Book Review: Seven Tears Into the Sea by Terri Farley
August 03, 2011
“Beckon the sea, I’ll come to thee…Shed seven tears, perchance seven years,” are the captivating words spoken by the strange boy on the beach to Gwen Cooke in the beginning of Terri Farley’s novel Seven Tears into the Sea. Immediately, her book managed to do to me what I think every novel should be able to do to its readers: spark the imagination. Her novel set my imagination running, compelling me to continue reading to see where it might go.
Farley tells the story of Gwen who encounters a strange boy in questionable circumstances when she is ten-years-old, only to be whisked away to a new city by her worried parents. Seven years later, Gwen returns, now a teenager, to help her grandmother run her inn and to finally figure out who that boy was and what her destiny is. It’s a simple, easy to read novel, definitely most suited for women. The novel was filled with many, as I like to call them, "squee" moments that invoke such a sound from the reader at ridiculously cute scenes. And the novel, being more cute than sexy or passionate, makes this a romance novel appropriate for a wider age range than others. What I particularly enjoyed about the novel was that it was a good interpretation of an ancient myth into a piece of modern fiction.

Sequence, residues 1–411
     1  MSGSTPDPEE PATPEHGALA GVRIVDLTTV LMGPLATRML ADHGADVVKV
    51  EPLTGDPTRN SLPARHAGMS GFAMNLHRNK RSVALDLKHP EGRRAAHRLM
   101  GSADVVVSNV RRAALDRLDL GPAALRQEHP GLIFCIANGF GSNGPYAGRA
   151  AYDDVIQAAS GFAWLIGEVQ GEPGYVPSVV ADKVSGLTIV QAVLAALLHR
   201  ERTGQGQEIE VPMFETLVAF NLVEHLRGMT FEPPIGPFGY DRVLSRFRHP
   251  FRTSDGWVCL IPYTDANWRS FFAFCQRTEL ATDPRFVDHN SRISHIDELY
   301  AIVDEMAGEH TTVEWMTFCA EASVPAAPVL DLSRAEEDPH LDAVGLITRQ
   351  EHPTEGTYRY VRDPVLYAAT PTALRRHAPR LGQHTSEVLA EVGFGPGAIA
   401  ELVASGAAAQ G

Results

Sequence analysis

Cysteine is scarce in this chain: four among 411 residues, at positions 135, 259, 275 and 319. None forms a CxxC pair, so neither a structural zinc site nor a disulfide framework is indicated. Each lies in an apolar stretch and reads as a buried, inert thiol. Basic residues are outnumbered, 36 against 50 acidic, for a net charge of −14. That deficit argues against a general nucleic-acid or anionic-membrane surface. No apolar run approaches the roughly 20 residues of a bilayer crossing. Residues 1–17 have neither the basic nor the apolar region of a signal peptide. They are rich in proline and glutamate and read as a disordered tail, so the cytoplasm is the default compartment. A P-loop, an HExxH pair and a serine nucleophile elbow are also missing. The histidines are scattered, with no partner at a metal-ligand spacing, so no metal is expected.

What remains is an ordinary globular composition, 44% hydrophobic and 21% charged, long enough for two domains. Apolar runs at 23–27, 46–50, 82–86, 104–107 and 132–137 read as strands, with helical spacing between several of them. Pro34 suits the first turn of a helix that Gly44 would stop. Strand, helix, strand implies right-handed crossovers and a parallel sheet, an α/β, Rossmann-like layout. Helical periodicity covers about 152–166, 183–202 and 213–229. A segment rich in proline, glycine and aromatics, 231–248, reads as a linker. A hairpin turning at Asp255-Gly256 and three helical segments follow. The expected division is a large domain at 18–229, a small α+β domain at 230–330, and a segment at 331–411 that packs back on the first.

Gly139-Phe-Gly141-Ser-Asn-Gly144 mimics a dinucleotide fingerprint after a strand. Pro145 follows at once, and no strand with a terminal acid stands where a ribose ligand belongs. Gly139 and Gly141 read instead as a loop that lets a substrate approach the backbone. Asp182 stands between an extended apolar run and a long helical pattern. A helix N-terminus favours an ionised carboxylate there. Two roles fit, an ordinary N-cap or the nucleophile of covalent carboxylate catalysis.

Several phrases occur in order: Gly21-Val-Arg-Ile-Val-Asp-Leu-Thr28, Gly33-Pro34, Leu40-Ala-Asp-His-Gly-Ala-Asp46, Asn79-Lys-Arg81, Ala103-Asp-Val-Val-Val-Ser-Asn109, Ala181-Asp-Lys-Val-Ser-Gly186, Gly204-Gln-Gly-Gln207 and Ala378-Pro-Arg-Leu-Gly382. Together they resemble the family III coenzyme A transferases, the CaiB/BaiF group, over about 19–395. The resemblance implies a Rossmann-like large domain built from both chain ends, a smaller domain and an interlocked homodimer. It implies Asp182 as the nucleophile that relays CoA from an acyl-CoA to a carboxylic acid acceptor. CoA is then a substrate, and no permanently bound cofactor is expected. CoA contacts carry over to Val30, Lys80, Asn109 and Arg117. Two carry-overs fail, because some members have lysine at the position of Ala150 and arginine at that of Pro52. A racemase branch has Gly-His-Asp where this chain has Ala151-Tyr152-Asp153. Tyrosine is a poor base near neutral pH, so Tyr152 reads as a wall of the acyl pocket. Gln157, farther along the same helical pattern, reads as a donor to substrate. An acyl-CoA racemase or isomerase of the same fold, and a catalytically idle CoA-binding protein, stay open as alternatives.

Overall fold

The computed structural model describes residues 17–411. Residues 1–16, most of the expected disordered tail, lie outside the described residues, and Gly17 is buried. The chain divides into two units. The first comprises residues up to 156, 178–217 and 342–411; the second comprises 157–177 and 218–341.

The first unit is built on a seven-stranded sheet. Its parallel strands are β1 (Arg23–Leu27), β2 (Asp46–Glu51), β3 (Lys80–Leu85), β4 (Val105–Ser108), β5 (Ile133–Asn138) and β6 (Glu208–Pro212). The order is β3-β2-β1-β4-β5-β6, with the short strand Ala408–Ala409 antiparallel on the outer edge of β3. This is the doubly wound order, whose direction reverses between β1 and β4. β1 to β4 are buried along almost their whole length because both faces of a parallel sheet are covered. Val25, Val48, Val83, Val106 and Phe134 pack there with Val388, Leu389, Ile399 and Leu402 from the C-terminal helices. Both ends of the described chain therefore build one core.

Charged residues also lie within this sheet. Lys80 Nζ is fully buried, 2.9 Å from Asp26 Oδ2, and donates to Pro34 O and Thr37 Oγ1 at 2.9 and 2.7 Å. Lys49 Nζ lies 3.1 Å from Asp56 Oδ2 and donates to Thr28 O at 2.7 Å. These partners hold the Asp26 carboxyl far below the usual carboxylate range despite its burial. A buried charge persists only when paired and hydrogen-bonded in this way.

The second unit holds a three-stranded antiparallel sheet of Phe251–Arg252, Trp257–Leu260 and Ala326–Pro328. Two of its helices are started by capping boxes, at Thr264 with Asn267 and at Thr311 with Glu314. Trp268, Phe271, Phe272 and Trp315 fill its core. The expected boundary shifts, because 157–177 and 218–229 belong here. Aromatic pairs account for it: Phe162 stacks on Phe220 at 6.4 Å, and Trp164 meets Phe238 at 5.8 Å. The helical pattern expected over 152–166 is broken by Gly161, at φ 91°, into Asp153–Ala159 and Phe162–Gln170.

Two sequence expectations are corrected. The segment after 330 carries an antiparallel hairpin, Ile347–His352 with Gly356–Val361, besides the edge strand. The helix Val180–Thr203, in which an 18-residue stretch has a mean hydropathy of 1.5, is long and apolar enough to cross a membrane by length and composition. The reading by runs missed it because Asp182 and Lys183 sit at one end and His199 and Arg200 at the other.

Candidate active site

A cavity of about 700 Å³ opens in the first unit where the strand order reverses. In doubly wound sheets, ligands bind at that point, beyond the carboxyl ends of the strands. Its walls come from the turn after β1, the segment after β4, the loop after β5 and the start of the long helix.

The novel does have its downsides, the following two perhaps stemming from the fact that Farley is primarily an author of children’s books, not adult books. I found the characters too one-dimensional with Gwen as the completely in-denial and innocent heroine, Jesse as the completely perfect and mysterious love interest, Nana as the wise old sage, Zach as the total bad boy, Mandi as the brainless airhead, and Jill as the got-it-all-together girl. Having no depth to the characters, no surprises in their behaviors and actions, frequently leads to a boring cast. Still, the shallowness of the characters doesn’t stop you from caring about them. Another snag I ran into was near the end of the book where suddenly the details of the myth became a little fuzzy, and the bittersweet ending was lost a little for me because I could not understand the reasoning behind the destiny for Gwen and Jesse.
Overall, I believe Farley succeeded in producing a pretty good novel. Very sweet, it’s successful at bringing the reader to the "I really wish something like this would happen to me" thought. For those who thrive on complex characters and a challenging read, this is not the right book, but I would recommend it to anyone looking for something casual and relaxing to fill their day with.